Religious healing causes a healing of the person as a whole as opposed to physical healing only and some people have even abandoned the medical doctors in search for religious healers. In this paper, a critical analysis of three religions would be conducted so as to identify the practices involved in comparison to common practice and Christianity. The three religions include Buddhism, Sikhism and Bahaism.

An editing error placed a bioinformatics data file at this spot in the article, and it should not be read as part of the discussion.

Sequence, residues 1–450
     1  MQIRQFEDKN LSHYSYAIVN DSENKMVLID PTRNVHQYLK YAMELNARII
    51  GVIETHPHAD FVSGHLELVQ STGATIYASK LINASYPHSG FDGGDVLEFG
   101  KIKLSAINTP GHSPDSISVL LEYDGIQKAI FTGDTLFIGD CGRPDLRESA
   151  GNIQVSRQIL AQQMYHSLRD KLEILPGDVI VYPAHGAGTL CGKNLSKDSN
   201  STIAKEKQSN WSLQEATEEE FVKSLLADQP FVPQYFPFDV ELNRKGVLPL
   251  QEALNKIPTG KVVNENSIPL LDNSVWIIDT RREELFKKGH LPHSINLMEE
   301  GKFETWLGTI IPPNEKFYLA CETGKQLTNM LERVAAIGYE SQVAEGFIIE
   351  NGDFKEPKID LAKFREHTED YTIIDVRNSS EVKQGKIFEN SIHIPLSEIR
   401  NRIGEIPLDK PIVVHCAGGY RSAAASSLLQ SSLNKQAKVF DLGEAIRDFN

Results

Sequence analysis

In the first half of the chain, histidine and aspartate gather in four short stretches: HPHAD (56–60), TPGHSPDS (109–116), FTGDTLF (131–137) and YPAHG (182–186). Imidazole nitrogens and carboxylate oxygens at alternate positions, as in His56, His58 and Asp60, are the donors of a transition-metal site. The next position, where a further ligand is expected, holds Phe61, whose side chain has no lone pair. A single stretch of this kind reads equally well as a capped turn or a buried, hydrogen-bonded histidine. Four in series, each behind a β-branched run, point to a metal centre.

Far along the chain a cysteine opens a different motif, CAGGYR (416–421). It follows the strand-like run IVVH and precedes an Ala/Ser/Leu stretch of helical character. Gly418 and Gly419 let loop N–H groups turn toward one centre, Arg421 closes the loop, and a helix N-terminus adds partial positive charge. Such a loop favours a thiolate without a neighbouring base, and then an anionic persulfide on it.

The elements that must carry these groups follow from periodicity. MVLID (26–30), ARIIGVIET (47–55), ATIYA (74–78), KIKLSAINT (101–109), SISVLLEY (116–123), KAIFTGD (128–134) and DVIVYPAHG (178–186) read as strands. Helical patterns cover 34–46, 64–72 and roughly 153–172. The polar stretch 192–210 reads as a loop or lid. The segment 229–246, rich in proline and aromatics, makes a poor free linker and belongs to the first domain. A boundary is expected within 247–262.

There have been major conflicts between faith healing and biomedical practice in the modern era due to diverse perspectives by the two as much as there are coinciding views. Barnes and Seres note that there were dramatic changes in the 1990s that caused religious healing to become a common feature in the American society (2004). The number of synagogues and churches conducting healing services increased and the use of alternative therapies increased. Similarly, there were amendments on immigration laws that saw America flock with various cultural communities bringing in their approaches to healing. Some of these included the Buddhist priests from Cambodia, herbalist acupuncturists from China, Hmong shamans and the santeros from Cuba. Buddhism has been described by many scholars as a religion that focuses more on philosophic principles as opposed to beliefs like Christianity (Pilgrimage India, 2009). Buddhists believe that in his early life, Buddha, also referred to as the great physician, learnt medicine and gained knowledge on the nature of diseases and the cure which enabled him guide the other people into healthy living. Buddhism would not delve so much into the meaning of sickness but rather on what a patient needs to do to be whole. In this religion, suffering would be a consequence of anger, greed, lust or passion of hatred. In Christianity, these would be considered as sin which eventually cause suffering according to Exodus 17 (New King James Version). Buddhism argues that physical and mental wellness would be achieved through developing a centered and unified personal approach to life. The well being of the body would come through the synthesis of the body and mind where the psychological, physical and spiritual dimensions form a continuum and an active interrelation. While the common perception has been that the body and flesh; spirit and matter; and soul and body are distinct, Buddhists see all these as a process where these features are interdependent and one. The mind influences how the body would be. Therefore, hospitals should provide appropriate environment for people to be trained on meditative awareness no matter the religious principles upheld in the institution. The inner resources could be optimized for healing and for personal health responsibility. Buddhism does not involve miracle cures such as those conducted by Jesus in the New Testament (Kajitani, 2005). Instead, it deals with methods that involve one’s emotional elements which accompany pain and at times intensify it. Dalai Lama observes that happiness is not a result of feeling, but rightful thinking, which involves transformation of a person’s understanding of existent nature (Bryson, 2009). All problems are a result of negative thinking. Naikan therapy helps one appreciate their independence with others resulting to a positive force that offsets personal problems which induce negativity. Morita therapy on the other hand tries to close the gap between the world as it is and the world as thought to be by filling it with positivity. Buddhists uphold inner healing which would then translate to the physiological healing. Therefore, it would be important to respect their religion when treating them if the physician is from a